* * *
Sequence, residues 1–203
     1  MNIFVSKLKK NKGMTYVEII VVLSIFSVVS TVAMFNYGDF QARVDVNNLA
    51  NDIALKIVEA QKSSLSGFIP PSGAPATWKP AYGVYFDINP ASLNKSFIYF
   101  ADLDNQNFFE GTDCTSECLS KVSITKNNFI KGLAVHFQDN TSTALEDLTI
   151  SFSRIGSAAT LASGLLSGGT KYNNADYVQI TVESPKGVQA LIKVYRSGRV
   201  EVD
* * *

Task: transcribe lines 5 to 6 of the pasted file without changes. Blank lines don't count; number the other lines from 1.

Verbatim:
   151  SFSRIGSAAT LASGLLSGGT KYNNADYVQI TVESPKGVQA LIKVYRSGRV
   201  EVD